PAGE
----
LEARN MORE ABOUT THE CREATIVE ECONOMY: Creator Squared Sessions at NAB Show
- Around half of creator economy revenues stem from ad-based video platforms like YouTube.
- A creator’s average net revenue is inversely proportional to the number of creators that use the platform.
- The role of AI and Web3 technologies are highlighted for their near-term potential to supercharge the entire sector.
LEARN MORE AT NAB SHOW: Creator Squared Sessions at NAB Show
The burgeoning creator economy — of content creators monetizing their content directly with fans — is estimated to be worth $75 billion by next year and has caught the attention of big finance.
The findings of banking group Citi may not be revelatory but the fact that conventional finance has charted the market lends weight to arguments made by Web3 exponents that change in the distribution of labor and reward is afoot.
In its report, “The Creator Economy — Getting Creative and Growing (Citi GPS),” Citi calculates there are over 120 million content creators worldwide and expects 9% growth per year through 2024.
Estimating the figure is challenging due to platform overlap. For example, a gamer that creates a live stream on Twitch may also have a YouTube channel and a Patreon account. And some YouTube channels are associated with traditional media firms (like a film or a blockbuster video game).
However, even with these complexities, there are stark differences between platforms. Citi estimates YouTube has nearly 100 million channels (excluding traditional media). Roblox has about 10 million developers. Etsy has about four million sellers. There are currently more than four million podcasts. At the other end of the spectrum, Substack only has a few thousand writers.
Around half of the revenue stems from ad-based video platforms, like YouTube. The other half is spread across a wide array of industries: publishing, education and podcasting, among others. Platforms charge fees that can vary from less than 10% of creator’s revenues (Patreon, Spotify and Unity) to as high as 85% (Roblox). Citi thinks the variance often depends on the value the platform provides across five functions, which it identifies as creation, hosting, distribution/promotion, and monetization. The more functions these platforms perform, the higher the fees.
The lion’s share of the revenue is captured by a very small portion of the content creators. Far more than 80% of the revenue is created by far less than 20% of the creators.
How much can a creator make in net revenue after paying fees to the various platforms varies considerably. The report suggests that a writer for Substack generates, on average, $25,000 per year. The average creator that uses Patreon generates $6,000 per year. At the other end of the spectrum, a developer that creates items for Roblox generates, on average, just $50 per year.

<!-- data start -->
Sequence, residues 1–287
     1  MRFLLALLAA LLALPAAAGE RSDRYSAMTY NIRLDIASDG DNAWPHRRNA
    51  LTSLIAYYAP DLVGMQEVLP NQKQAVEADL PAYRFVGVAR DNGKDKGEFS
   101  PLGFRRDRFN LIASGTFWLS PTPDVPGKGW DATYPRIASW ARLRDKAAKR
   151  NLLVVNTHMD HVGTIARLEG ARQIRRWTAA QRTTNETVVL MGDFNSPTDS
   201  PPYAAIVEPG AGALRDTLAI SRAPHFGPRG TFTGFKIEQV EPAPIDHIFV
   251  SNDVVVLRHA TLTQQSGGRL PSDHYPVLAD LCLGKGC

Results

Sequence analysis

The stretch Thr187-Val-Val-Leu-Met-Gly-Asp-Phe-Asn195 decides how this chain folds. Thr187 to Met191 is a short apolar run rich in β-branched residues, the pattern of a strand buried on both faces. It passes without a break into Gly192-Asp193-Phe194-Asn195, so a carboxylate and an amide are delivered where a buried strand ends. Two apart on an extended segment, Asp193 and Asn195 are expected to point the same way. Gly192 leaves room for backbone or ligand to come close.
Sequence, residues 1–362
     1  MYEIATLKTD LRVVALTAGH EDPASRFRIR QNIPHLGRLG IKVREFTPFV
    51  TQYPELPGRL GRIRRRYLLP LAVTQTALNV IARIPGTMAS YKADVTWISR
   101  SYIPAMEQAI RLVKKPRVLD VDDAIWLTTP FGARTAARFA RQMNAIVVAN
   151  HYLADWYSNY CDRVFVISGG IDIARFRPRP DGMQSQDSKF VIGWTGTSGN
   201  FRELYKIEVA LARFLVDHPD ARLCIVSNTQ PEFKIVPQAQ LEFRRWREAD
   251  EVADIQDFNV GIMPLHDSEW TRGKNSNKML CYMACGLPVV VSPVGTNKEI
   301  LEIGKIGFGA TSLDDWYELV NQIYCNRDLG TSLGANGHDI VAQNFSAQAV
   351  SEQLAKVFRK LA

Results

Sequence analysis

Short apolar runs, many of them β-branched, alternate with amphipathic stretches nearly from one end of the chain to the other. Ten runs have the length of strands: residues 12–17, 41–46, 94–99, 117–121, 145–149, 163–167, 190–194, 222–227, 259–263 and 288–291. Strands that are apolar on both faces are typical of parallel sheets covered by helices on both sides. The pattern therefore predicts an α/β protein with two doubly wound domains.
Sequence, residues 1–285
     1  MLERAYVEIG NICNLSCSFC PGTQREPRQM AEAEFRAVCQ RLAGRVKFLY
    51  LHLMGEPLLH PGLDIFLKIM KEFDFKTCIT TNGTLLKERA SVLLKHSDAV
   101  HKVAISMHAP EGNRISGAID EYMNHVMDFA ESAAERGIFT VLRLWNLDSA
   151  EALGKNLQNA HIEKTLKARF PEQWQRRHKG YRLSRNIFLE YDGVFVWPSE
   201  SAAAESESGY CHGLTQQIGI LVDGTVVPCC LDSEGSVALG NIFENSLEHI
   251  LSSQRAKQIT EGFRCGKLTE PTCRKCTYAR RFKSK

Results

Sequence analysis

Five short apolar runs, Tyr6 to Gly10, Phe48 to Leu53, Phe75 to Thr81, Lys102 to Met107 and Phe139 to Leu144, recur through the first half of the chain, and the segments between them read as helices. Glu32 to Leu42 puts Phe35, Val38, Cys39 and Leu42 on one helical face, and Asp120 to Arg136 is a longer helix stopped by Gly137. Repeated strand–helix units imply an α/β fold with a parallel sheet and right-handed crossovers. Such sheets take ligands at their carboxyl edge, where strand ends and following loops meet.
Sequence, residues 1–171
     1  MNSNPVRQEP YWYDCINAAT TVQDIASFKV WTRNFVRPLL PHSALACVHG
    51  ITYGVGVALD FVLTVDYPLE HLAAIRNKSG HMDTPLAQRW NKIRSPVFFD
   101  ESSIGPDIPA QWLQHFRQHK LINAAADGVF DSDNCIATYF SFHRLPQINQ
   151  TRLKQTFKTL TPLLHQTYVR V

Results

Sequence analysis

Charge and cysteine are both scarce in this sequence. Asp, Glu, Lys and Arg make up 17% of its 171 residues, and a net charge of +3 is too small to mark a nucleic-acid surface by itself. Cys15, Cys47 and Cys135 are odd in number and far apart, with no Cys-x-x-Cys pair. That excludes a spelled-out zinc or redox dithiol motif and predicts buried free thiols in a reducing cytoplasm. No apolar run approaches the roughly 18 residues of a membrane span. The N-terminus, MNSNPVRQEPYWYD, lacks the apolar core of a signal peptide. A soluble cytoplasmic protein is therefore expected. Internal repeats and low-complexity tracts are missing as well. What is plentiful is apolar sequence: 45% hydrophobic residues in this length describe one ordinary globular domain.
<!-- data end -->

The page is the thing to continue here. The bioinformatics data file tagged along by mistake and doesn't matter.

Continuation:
Citi concludes that a creator’s average net revenue is inversely proportional to the number of creators that use the platform. That is, while Substack writers generate the most net revenue, the platform has very few writers. YouTube is at the other extreme. While there are many creators on YouTube, the average net revenue per creator is quite modest. Revenue per creator on the other platforms — Etsy, Twitch or Roblox — falls in between.
Going forward, the bank highlights three areas worth watching.
First, traditional social media firms may begin to share some of the spoils with content creators. That is, platforms like Twitter may begin to emulate YouTube’s business model. Or, as Instagram and Facebook push further into e-commerce, they will create opportunities for content creators to share in the economic spoils.
Second, Web3 tools — like blockchain and crypto — will allow consumers to finance, own, and trade content rather than simply paying creators to consume it.
Digital wallets are one way that new Web3 tools can help creators with monetization. Using a subscription model linked to a digital wallet, readers can access creator content stored on a decentralized storage layer. The subscription paves the way for creators to build a wallet-based community that enables far richer engagement than passive consumption more common with Web2 tools.
“Whether these new tools will be embraced by legacy creator economy platforms or new platforms remains to be seen. But, Web 3.0 tools will certainly result in new innovations that are apt to benefit creators and consumers alike.”
Third, artificial intelligence may alter the creator economy in several ways including by helping with content creation, helping brands find the right influencer or helping consumers find the right content.
“We expect AI to be used to help bring some order to the highly fragmented creator economy ecosystem. For example, AI will likely be used to help consumers find the right content and can also be used to help brands find the right influencer.”
The cultural impact a creator has is already surpassing that of traditional media, but there’s still a stark imbalance of power between proprietary platforms and the creators who use them. Discover what it takes to stay ahead of the game with these fresh insights hand-picked from the NAB Amplify archives:
- How Creators (Professional and Otherwise) Are Making Money in the Creator Economy
- Almost 25% of Us Are Content Creators. Here’s Why That’s Awesome (and How It’s Actionable).
- Storytelling on Demand: It Has to Happen for the Creator Economy
- In the Creator Economy, Creator-Educators Contain Multitudes
- The Economy Part of the Creator Economy
- Why Community Is Everything for the Creator Economy